Thursday, June 24, 2010

Operating with Integrity

We usually get this question on company surveys: do you act with integrity and honesty in all that you do? The funny thing is that we do create environments where honesty and integrity are punished. Take for example online dating services. These systems have been around for long enough that they provide a rich set of data to analyze. For example, what female attribute are men most interested in? Sadly, not much has changed in a few million years; it’s her weight. On the ladies side, they are mostly concerned with income followed closely with height. The more interesting is the studies show that 90% of applications are actually inflated on these characteristics. Men tend to add 10-20% to their income and slightly adjust their height. Hey, if I wear my Nike Air Max 2010’s I am almost 6 foot. I am not even going to touch the ladies side of this equation. So what does an honest man do? If I say I make $50,000 then potential soul mates are going to reduce that by $20,000 and think I am a bum. The system is built to punish the honest person that acts with integrity. So these types of systems do exist.

Driving home is another example where honest people act in a dishonest way. Everyday where I exit the interstate, at least 5-10 cars will wait until last second to push their way into line versus actually waiting like everyone else. This is very interesting behavior in that these same people would never do this in line at a bank or fast food restaurant. Regardless of the possibility for causing a traffic accident or other issues to those behind them, they know how to game the system.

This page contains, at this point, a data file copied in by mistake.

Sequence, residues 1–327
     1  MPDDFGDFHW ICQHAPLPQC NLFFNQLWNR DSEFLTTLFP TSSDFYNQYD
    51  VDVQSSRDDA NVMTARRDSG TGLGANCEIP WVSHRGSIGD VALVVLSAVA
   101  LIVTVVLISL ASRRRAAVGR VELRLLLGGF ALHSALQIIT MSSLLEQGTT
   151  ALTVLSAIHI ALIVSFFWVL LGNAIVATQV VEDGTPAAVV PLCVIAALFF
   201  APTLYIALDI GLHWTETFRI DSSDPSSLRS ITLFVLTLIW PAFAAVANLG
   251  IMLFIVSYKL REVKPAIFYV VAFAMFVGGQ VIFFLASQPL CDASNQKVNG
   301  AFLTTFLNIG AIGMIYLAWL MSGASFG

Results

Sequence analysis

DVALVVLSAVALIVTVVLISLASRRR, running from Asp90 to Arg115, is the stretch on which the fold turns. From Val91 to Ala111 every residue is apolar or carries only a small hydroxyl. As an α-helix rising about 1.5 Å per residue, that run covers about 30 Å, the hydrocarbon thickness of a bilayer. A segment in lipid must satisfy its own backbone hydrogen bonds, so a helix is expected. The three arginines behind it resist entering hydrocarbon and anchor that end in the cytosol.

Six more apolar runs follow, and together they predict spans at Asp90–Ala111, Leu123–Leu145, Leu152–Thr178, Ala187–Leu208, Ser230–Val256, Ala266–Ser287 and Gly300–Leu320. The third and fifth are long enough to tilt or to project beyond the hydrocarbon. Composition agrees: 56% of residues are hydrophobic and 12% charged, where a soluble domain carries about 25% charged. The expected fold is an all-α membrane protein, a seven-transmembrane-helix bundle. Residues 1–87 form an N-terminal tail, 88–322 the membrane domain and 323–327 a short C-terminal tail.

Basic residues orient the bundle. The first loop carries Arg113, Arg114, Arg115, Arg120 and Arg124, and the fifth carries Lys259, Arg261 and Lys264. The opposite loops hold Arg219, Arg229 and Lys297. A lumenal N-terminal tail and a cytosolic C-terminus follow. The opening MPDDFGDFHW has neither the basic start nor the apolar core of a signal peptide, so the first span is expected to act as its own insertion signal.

How about you? Suppose that I tried an experiment on your team of 10 co-workers. Let’s say I give everyone $10 and then asked you to put as much of that $10 into a bucket as you like. Once I collected the money, I would double the dollars and redistribute to the team. Wow, not only did you get $10 but now you can get $20 for free. Sounds like a sweet deal to me. But, what if William and Mary decide to hold on to their $10 which means $80 was put into the pot and you only got $18. Knowing that two people got $28 ($10 for the original gift plus another $18 from the pot) for gaming the system what would you do the next time I offer the same deal?

Despite the amusing aspects of these stories, they point out several interesting dimensions of acting with honesty and integrity. First, we do create systems that benefit those that cheat. In fact, many of these systems go so far as to reward those that cheat and punish those that do not. Secondly, once one person begins to game the system we have little choice but to follow suit. In a hyper competitive world, your core beliefs are challenged on a daily basis by those that game the system.

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